If the Army Council cannot increase the number of guns available for London I would press on them the importance of making their equipment up to date. It is not good enough to ask two antiaircraft guns who may want a most important instrument to have to share it with 36 others. You cannot get efficiency in that way. And some of the instruments take six months to get. It is not right that the City of London should be put in jeopardy in this way, and when we realise that the industrial centres of the country like Birmingham, York and Sheffield, are entirely without any aircraft defence at all we can realise how far we have gone in pursuing our policy of disarmament. I agree that we did the right thing in making a gesture on disarmament, but I think we may have pushed our policy to the danger point, and that future generations will say that we have not been right in jeopardising the future of the country for an ideal. We are a nation of idealists, we are also a nation with a conscience, and if our conscience does not tell us that what we are doing is right, we do not go into any policy with all our hearts or with any unity. This is one of the occasions when we have to search our consciences. I come from a part of England where conscience is considered to be very important, it is a part of the country in which John Wesley preached, and the conscience of our people has been profoundly stirred by what has been happening abroad. We have been thankful for our isolation, and the vast majority of this nation are realising that the Government have been right in the course they have adopted and are prepared to support them.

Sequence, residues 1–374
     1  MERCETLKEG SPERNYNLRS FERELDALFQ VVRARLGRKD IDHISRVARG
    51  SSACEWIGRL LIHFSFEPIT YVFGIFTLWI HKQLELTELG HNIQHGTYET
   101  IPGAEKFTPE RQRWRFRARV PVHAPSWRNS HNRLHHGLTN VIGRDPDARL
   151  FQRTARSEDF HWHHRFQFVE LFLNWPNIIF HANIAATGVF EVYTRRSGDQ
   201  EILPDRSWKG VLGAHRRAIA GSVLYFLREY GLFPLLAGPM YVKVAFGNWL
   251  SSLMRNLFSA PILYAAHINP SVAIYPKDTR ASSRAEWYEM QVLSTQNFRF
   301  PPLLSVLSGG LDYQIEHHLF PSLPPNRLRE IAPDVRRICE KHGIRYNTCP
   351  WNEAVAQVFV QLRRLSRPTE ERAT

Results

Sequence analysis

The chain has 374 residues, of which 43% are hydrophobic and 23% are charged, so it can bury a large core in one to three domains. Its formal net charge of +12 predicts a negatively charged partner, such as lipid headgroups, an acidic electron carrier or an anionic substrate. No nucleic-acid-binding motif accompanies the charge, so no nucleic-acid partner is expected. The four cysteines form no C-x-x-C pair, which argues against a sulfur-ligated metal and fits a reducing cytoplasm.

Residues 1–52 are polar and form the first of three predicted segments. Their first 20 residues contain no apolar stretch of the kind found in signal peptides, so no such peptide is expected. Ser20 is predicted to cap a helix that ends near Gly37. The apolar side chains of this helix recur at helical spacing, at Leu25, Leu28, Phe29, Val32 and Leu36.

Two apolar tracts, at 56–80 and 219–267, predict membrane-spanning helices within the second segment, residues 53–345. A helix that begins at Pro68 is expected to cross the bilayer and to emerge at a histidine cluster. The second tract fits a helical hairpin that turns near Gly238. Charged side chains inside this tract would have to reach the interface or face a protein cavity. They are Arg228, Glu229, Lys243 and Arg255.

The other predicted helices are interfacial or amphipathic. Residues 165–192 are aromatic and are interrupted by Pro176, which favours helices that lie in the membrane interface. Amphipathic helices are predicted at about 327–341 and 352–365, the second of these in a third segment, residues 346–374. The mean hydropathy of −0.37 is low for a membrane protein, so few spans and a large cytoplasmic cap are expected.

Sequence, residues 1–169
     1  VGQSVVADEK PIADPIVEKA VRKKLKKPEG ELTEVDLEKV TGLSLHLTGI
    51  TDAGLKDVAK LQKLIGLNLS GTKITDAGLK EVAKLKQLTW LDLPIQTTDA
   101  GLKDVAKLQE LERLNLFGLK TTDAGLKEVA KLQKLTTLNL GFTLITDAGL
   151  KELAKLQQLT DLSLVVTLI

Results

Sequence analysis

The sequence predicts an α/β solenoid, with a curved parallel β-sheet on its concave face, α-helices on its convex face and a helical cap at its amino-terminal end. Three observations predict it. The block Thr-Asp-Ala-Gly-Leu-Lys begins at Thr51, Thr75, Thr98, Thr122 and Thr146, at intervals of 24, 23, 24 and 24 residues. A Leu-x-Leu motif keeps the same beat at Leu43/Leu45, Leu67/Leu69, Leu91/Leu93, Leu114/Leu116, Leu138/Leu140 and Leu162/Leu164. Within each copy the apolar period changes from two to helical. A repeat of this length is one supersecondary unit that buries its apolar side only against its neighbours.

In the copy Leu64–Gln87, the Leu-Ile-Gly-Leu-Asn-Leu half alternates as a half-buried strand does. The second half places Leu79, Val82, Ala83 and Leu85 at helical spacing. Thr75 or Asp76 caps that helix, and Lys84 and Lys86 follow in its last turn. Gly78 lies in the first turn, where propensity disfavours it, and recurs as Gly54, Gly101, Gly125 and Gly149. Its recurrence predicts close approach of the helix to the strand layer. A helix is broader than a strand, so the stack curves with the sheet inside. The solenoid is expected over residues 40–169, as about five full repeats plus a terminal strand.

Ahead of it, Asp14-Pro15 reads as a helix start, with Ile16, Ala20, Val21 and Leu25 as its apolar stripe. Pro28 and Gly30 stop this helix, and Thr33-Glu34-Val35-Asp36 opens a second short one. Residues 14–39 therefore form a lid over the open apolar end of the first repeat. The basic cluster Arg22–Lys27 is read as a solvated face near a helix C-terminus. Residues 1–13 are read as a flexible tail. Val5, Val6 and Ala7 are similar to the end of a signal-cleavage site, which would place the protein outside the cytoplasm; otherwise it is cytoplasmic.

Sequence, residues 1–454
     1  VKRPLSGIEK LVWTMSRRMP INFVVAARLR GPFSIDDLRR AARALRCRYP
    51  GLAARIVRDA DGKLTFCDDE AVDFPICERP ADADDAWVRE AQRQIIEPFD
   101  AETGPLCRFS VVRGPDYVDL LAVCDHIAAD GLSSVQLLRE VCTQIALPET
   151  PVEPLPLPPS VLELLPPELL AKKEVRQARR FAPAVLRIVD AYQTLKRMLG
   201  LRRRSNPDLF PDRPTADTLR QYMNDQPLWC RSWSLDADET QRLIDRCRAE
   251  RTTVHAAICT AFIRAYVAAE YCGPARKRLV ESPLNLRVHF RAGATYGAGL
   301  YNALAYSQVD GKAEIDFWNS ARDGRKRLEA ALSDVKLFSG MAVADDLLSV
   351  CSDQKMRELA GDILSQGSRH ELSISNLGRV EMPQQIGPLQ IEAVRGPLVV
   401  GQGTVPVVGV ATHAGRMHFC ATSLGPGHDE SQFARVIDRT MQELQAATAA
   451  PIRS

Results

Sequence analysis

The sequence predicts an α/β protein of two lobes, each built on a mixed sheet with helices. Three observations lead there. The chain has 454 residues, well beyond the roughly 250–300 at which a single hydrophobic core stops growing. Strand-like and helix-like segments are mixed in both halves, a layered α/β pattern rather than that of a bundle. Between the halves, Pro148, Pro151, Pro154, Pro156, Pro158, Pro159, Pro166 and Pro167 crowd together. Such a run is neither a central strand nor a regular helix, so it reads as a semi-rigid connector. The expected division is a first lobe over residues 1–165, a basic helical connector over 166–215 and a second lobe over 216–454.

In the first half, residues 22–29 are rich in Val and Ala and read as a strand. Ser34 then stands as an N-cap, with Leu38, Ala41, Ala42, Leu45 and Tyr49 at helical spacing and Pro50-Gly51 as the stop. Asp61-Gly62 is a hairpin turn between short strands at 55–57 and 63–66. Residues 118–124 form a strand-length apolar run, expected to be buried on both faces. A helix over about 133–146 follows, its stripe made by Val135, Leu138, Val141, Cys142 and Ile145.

9.1 p.m.

Mr. VYVYAN ADAMS:

I must congratulate the hon. and gallant Member for Louth (Lieut.-Colonel Heneage) on being almost the only hon. Member who has given His Majesty's Government to-night, in their new policy, his uncom- plaining support. I should also like to congratulate the Parliamentary Air Committee on winning their half-loaf. The measure of their success can be determined by a sentence in a speech of the Lord President of the Council two years Ago, delivered, as he has told us, "to make people think." He said: The only defence is in offence, which means that you have to kill more women and children more quickly than the enemy if you want to save yourselves."—[OFFICIAL REPORT, 10th November, 1932; col. 632, Vol. 270.] That is from the OFFICIAL REPORT and, therefore, I cannot be guilty of any inaccuracy. I am glad that the right hon. Gentleman the Lord President of the Council informed us to-night that he was of a sanguine temperament. He said that this increase is due to the fact that the barometer of Europe is not stable. The international barometer is never stable, and I am afraid that there is moving in my mind an apprehension lest this new departure of policy on the part of His Majesty's Government may send the barometer from change to stormy. I do not believe that it is going to relieve the malaise of Europe in the manner which the right hon. Gentleman imagines. He cited the statement of an authority in 1923, that our weakness in the air at that time was intolerable. We have a relatively long period of history since 1923. What has been the result of that "intolerable weakness"? Eleven years of unbroken peace. May it not, therefore, be that armaments are themselves one of the most compelling causes which conduce to a condition of warfare